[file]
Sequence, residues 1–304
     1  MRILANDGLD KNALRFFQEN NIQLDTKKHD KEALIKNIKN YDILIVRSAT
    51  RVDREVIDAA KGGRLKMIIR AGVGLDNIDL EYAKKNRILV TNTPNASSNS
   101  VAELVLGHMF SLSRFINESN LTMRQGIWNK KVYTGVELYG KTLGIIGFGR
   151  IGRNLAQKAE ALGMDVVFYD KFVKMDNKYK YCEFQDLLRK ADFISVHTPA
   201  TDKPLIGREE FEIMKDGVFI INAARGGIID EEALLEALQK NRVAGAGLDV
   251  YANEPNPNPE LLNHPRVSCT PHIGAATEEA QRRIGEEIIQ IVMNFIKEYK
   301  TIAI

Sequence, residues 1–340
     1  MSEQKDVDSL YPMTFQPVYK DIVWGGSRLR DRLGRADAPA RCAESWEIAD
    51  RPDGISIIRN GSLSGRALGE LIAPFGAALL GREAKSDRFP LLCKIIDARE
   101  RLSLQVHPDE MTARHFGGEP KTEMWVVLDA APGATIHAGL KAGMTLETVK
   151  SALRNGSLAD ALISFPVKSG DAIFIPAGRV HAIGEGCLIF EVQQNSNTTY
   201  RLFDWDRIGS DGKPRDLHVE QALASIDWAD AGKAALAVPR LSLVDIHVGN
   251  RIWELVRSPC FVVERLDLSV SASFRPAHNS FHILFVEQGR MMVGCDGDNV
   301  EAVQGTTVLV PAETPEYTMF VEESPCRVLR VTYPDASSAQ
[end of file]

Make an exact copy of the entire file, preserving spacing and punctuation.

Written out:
Sequence, residues 1–304
     1  MRILANDGLD KNALRFFQEN NIQLDTKKHD KEALIKNIKN YDILIVRSAT
    51  RVDREVIDAA KGGRLKMIIR AGVGLDNIDL EYAKKNRILV TNTPNASSNS
   101  VAELVLGHMF SLSRFINESN LTMRQGIWNK KVYTGVELYG KTLGIIGFGR
   151  IGRNLAQKAE ALGMDVVFYD KFVKMDNKYK YCEFQDLLRK ADFISVHTPA
   201  TDKPLIGREE FEIMKDGVFI INAARGGIID EEALLEALQK NRVAGAGLDV
   251  YANEPNPNPE LLNHPRVSCT PHIGAATEEA QRRIGEEIIQ IVMNFIKEYK
   301  TIAI

Sequence, residues 1–340
     1  MSEQKDVDSL YPMTFQPVYK DIVWGGSRLR DRLGRADAPA RCAESWEIAD
    51  RPDGISIIRN GSLSGRALGE LIAPFGAALL GREAKSDRFP LLCKIIDARE
   101  RLSLQVHPDE MTARHFGGEP KTEMWVVLDA APGATIHAGL KAGMTLETVK
   151  SALRNGSLAD ALISFPVKSG DAIFIPAGRV HAIGEGCLIF EVQQNSNTTY
   201  RLFDWDRIGS DGKPRDLHVE QALASIDWAD AGKAALAVPR LSLVDIHVGN
   251  RIWELVRSPC FVVERLDLSV SASFRPAHNS FHILFVEQGR MMVGCDGDNV
   301  EAVQGTTVLV PAETPEYTMF VEESPCRVLR VTYPDASSAQ